|Greg Lavaty | profile | all galleries >> My Blog >> Prehistoric Visitor? No, itís the Magnificent Frigatebird 09-25-2012||tree view | thumbnails | slideshow|
Frigatebirds use their tails as breaks and to help them turn sharply, making them very agile fliers. This is important because of their feeding habits. One of the main prey of frigatebirds is flying fish, which the birds catch in the air or just beneath the surface of the water. Since frigatebird feathers are not very resistant to becoming waterlogged, these birds tend to minimize exposure to the water. When they snatch fish out of the water with their long beaks their excellent flying ability allows them to stay dry. This can be seen in this series of photos where a frigatebird snatching a dead fish from the surface of the water.
The other interesting feeding method of the Magnificent Frigatebird (and all frigatebird species) is known as kelptoparasitism. In other words frigatebirds steal food by harassing other birds to make them either drop food they are carrying in their beaks or even regurgitating food held in their crops. This behavior typically happens in the form of wild mid-air chases concluding in the victim dropping their food and the frigatebird catching it in mid-air.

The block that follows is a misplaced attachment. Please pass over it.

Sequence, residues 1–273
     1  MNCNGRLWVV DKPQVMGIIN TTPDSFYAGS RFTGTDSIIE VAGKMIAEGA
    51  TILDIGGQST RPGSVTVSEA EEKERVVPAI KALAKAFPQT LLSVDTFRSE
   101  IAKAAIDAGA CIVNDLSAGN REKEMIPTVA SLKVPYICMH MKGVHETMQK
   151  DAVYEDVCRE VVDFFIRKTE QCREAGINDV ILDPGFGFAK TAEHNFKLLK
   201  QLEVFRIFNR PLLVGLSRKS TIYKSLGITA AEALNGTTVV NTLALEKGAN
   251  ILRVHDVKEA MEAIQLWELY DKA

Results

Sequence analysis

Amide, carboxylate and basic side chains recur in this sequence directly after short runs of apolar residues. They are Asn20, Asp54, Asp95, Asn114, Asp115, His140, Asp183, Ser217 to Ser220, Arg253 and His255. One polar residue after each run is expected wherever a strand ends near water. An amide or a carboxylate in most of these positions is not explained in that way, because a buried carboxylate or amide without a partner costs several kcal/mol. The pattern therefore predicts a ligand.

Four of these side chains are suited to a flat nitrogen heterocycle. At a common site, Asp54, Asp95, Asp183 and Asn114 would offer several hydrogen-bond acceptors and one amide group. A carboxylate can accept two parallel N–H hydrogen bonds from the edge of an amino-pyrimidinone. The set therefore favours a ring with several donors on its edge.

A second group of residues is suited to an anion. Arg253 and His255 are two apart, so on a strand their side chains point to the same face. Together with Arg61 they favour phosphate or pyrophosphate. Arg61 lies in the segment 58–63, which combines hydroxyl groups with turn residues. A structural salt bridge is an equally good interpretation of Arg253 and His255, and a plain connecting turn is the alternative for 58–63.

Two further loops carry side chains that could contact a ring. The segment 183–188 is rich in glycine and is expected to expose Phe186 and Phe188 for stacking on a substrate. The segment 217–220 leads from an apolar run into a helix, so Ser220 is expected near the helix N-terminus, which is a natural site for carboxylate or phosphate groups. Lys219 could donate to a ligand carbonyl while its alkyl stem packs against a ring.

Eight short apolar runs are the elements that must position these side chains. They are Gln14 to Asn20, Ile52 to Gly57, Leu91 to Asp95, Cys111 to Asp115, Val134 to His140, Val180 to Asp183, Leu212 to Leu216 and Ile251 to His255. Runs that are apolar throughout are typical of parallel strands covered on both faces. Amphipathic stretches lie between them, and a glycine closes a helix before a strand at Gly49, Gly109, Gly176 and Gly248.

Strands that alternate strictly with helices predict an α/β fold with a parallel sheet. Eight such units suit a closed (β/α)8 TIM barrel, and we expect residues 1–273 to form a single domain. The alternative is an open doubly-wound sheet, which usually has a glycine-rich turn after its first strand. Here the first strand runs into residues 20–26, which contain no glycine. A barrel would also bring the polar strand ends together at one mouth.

On their breeding grounds male Magnificent Frigatebirds inflate large red air-sacs that they use in mating rituals. Unfortunately we donít get to see these in their full glory but we can see them in their deflated state.
Sexual dimorphism is exhibited in Magnificent Frigatebirds. Adult male birds are solid black, adult females are black with white breasts and light markings on the tops of their wings and juvenile immature birds have white breasts, bellies and heads. It takes five years for Magnificent Frigatebirds to reach maturity.
These amazing birds start to arrive on the upper Texas coast mid-April and start to get scarce by the end of September. These last couple of photos were taken at the Quintana Jetty (a great place to see frigatebirds on the UTC) Thursday September 20.
For more Magnificent Frigatebird photos please click here: